Tuesday, May 7, 2013

Some more accessories,...

My last post dealt with various accessories I use for my phone and tablet. I couldn't squeeze them all in so this post will be a continuation of the last one.

Jawbone Era - Shadowbox design

Ah my trusty Bluetooth headset. This is actually my third Aliph Jawbone headset. I had the Icon, then Era - Midnight (which was lost), and now Era - Shadowbox. The big thing I love about Aliph's headsets is the design and capabilities they give. The Era is longer than its predecessor, the Icon, and the design language is more art inspired than your traditional simple Bluetooth headset. 

The Era comes with an earhook, multiple ear gels, and a charger. Beyond that, the strength of the headset lies in what it can do. The Era is the first Bluetooth headset with an accelerometer so you can use gestures to do things such as answer or reject calls. It also adds wideband audio (or HD audio). However, the really neat thing is the ability to sync the headset with Jawbone's website. Once you do that you'll have the option to change the announcer's voice, enter caller id information, and activate specific features like NoiseAssassin (a military grade noise reduction feature). The voices demand special attention since they're not just plain voices but highly unique sounding "characters". You can choose between gravely sounding buff dudes, flirty party girls, or even a mafioso crime boss and more. The site is also where you will update your firmware as well.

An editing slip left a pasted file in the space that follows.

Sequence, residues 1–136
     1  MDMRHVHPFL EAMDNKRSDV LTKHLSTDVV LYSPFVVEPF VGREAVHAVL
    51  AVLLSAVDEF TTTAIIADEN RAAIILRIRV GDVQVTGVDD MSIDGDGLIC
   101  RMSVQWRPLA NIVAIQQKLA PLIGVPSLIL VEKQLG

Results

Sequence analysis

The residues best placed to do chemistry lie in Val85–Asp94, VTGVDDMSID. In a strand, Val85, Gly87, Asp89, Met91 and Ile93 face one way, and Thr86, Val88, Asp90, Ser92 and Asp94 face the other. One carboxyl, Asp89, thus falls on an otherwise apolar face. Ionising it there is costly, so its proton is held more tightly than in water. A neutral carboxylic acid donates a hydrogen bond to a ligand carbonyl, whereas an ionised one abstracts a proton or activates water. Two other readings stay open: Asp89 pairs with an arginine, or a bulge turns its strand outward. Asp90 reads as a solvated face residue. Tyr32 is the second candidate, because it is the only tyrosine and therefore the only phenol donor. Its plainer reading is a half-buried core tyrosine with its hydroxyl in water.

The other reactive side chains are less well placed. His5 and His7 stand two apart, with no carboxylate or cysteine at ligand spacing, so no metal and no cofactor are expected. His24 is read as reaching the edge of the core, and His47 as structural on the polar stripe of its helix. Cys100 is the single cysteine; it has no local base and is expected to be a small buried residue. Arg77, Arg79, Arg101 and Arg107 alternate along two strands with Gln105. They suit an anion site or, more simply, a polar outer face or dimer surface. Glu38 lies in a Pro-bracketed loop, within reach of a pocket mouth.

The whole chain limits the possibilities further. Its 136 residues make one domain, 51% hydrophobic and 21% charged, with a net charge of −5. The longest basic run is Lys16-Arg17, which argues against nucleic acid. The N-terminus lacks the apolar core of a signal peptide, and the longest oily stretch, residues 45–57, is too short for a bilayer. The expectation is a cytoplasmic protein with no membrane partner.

The Era gets about 5 hours talk time which is less than some of its contemporaries, but I don't hold it against it too much considering Bluetooth headsets have a somewhat limited practical usage. The headset also has an app for Android that allows you to put battery information into your notification bar and alter a couple more things with the headset. The only negative to this is the program's voice overrides your "character" voice. Bit of a bummer to say the least. The headset is also expensive when compared to other ones coming in at $120. However, there are often sales where you can find the headset as low as $40. Overall, it's an amazing piece of technology for someone who wants something a little different than the regular headsets out there.

Pros: Superb design, unique features like motion controls and HD audio, programmable voices, additional auxiliary program.

Cons: Expensive, battery life could be better, Jawbone app overrides programmed voice.

Final Grade: A-

Philips Fidelio AS140

My Nexus S finally gave up (somewhat). After screwing up the radio and damaging the IMEI number, my Nexus S decided it would no longer grab a cellular signal. However, everything else still worked. So what was I to do with it? Well, as luck would have it, I found this fun speaker dock/alarm clock at Target for $33. 

Seen here, with the Nexus S coincidentally, the Fidelio dock isn't the most elegant thing I've ever seen, but it's not bad either. The dock comes with the option to connect to Bluetooth, 3.5 mm headset jack, FM radio, or just plain good old alarm clock. After turning the dock on, I quickly acclimated myself to the controls and synced my phone up with the dock.